This week’s post for my spirited Sunday is Vecchia Romagna. This brandy is one of the most ubiquitous ones you see in Italy. Every single bar has a bottle of Stravecchio, Vecchia Romagna and many Amaro brands. It is as common as vodka or any other spirit in Italian bars. It has a very long history. In 1820 a man named Jean Bouton, a French cognac producer from Charente, came to Emilia Romagna. He thought the area had many similarities to his native area and believed he could make great brandy there. He began making liqueur from the local Trebbiano grapes. In 1939 the spirit became known as Vecchia Romagna and adopted its distinctive triangular bottle. Today Vecchia Romagna is Italy’s best-selling brandy. In 1999, it became part of the Montenegro S.r.l, a well-known group from Bologna in the spirits industry for 120 years.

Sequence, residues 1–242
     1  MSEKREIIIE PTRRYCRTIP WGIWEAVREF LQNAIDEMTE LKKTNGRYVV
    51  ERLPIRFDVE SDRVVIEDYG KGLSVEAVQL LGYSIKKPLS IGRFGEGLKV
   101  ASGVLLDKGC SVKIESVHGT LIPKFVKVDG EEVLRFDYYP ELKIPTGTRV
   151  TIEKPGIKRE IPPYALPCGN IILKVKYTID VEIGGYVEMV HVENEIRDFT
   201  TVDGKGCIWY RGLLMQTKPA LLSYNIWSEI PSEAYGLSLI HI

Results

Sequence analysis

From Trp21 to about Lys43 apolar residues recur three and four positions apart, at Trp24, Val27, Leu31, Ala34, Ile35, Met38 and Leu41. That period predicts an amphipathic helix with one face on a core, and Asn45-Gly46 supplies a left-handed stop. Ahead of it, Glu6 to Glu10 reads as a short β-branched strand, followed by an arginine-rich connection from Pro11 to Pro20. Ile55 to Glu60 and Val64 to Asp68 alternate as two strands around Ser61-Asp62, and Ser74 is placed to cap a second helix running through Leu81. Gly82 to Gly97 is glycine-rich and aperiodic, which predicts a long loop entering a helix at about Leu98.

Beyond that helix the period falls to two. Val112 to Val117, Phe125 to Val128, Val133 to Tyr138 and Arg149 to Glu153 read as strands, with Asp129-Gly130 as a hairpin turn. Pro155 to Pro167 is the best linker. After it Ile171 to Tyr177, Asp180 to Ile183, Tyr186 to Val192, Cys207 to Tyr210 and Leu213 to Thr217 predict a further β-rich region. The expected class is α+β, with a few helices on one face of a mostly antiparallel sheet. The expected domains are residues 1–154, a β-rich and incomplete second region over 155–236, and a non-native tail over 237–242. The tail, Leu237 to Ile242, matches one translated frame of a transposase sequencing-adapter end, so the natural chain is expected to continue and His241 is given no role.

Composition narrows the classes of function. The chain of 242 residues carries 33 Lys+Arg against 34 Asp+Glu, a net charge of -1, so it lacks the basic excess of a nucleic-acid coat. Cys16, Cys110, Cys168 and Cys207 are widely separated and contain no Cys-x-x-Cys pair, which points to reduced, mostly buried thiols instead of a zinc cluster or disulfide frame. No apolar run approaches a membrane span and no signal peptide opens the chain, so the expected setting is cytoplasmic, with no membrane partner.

Vecchia Romagna is made from Trebbiano grapes, the same grape as Ugni Blanc used for Cognac. After distillation, the brandy is aged in American oak cask, for at least one year. Vecchia Romagna is sold in its very distinctive triangular-shaped bottle. The aromas in the brandy are dried fruits, honey and vanilla.